Farmers in south-west Wales face a double financial whammy next year, with a combined threat of onerous new bovine TB cattle controls and significant spending to increase on-farm slurry storage.
Pembrokeshire would be the worst hit by the Welsh government’s planned approach to tackling bovine TB and meeting EU nitrate controls, a meeting organised by the Farmers Union of Wales heard this week.
Pembrokeshire has been identified as part of a high-risk TB area with the prospect of six-monthly testing, routine culling of inconclusive reactors (IRs) and restrictions on selling animals to farmers in lower-risk areas.
The proposed new controls, which are currently under consultation, are set to be introduced next year, at the same time that hundreds of farms in Pembrokeshire could also be pulled into a new nitrate-vulnerable zone (NVZ), together with some smaller proposed designations in Carmarthenshire, Anglesey and Clwyd.
FUW head of policy Nick Fenwick said the financial consequences for dairy farmers in particular could be severe.
“The costs of complying with NVZ regulations, coupled with additional cattle controls, would have an acute impact for farms in most of Pembrokeshire,” he warned.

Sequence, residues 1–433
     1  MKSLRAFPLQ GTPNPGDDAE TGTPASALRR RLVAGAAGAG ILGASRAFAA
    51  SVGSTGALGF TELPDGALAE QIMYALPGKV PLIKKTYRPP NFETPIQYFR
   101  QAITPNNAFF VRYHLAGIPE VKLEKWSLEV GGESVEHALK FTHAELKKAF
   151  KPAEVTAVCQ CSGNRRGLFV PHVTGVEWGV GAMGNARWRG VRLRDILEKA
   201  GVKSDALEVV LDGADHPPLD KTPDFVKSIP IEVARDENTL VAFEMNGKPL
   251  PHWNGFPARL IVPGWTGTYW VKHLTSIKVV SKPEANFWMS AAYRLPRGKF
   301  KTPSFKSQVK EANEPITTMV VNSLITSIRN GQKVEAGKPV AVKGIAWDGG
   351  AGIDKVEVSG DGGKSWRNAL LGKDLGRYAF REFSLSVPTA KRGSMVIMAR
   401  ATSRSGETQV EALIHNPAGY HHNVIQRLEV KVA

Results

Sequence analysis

If the proposals go ahead, the union wants financial support for the farms affected and an appropriate period of transition.
Dr Fenwick said farmers in Pembrokeshire – where TB incidences are among the highest in Europe – had been “extremely patient” over existing cattle TB measures.
“There is huge frustration that severe restrictions have been applied to cattle, but that no meaningful action has been taken to tackle the disease reservoir in badgers,” he said, urging farmers to respond to both consultations.
“There is a clear feeling that yet more cattle restrictions cannot be justified unless a genuinely proactive approach is taken to dealing with the disease in wildlife.”
Restrictions proposed in high-incidence areas include the removal of inconclusive reactors and six-monthly herd testing as standard, instead of the current annual test.
Farmers also face new restrictions on their farming practices if new NVZs are created. They may have to comply with five new rules the government is proposing, including crop or vegetation cover on all fields at all times.
The NVZ consultation proposes whole-farm nitrogen limits for holdings only partially in an NVZ, and farms with sandy soil may be prevented from spreading some types of manure on tillage land in August and September.
The current 12-month period allowable for field heaps is also being questioned, with the fear that it could be reduced. There is also a proposal to change livestock manufactured manure values, which could limit the quantity spread.